The “Ride Across” Method
The first type of bridging effort we covered during the Castelli SkillZ and DrillZ Ride this week is the “Ride Across” method. Usually, this technique is used when the gaps are small, and the groups are fairly spread out. It often occurs when the front of the group accelerates hard out of a tight or technical turn or after rolling over a small number of short hills in rapid succession.
In this case, the rider must simply lift his/her effort to hop from slipstream to slipstream, until latching on to the back of the lead group. As the bridging rider approaches each group, he/she should lift the pace slightly to use the group’s draft to slingshot forward. Once clear of the group, settle back into the bridging effort. That effort should be based on the rolling calculus taking the speed of the lead group and the conditions into account. If the lead group isn’t going very hard, the bridger can afford to take a little longer to cross the gap instead of digging very deep and possibly burning up the legs. If the lead group is going harder, the bridger will want to complete the bridge as quickly as possible to get in the draft. Again, this technique should only be used when the gaps are not that large, and the field resembles being strung out more than actually being split.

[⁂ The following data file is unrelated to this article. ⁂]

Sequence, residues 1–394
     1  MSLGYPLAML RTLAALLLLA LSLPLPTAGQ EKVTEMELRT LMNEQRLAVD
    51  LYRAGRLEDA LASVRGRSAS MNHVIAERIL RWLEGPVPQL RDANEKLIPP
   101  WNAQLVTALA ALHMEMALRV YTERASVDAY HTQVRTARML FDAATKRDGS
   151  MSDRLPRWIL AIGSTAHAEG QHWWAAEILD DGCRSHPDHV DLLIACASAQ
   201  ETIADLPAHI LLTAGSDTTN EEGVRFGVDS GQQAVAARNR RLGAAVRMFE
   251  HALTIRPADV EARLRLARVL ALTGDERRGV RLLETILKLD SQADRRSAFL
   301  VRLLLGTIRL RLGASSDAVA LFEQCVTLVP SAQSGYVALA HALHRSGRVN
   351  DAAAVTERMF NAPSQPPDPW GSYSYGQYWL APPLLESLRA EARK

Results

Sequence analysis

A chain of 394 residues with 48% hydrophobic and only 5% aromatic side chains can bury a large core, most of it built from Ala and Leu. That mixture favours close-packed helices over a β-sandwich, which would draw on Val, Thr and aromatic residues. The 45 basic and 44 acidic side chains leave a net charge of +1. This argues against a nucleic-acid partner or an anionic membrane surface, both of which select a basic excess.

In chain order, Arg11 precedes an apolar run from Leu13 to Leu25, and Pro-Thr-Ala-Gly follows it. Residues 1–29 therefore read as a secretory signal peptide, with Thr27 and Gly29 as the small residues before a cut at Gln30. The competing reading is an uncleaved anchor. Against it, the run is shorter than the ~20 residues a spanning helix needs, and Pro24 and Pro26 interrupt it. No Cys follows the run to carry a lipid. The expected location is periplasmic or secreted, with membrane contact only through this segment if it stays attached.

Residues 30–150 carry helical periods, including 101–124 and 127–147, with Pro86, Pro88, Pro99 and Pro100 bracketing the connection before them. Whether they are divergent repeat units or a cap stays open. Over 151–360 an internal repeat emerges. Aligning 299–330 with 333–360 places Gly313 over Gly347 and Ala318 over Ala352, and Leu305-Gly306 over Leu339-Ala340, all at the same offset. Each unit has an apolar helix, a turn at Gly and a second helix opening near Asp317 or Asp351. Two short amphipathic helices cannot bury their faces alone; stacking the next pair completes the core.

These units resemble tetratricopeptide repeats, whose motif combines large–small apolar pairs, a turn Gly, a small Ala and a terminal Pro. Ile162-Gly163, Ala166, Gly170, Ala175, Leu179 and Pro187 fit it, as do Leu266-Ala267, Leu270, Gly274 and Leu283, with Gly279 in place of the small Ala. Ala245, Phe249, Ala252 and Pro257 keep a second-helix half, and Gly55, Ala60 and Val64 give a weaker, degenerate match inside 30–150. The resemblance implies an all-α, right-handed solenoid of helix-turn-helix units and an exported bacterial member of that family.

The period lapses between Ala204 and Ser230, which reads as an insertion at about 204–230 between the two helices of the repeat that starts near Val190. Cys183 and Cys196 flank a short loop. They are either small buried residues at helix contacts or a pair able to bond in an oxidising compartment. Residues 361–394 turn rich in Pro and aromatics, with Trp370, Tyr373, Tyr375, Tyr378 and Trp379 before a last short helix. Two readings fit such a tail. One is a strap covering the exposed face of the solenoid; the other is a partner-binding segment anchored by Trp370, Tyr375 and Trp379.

The “Bridge, Recover, Repeat” Method
The second type of bridging effort we covered is the “Bridge, Recover, Repeat” method. This method is normally recommended for larger gaps where defined groups/splits have formed. Often we will see this after a number of short climbs or after leaving a section with some nasty crosswinds. If you happen to live in Northern Europe, the cobblestones are also a famous cause for these large splits in the field.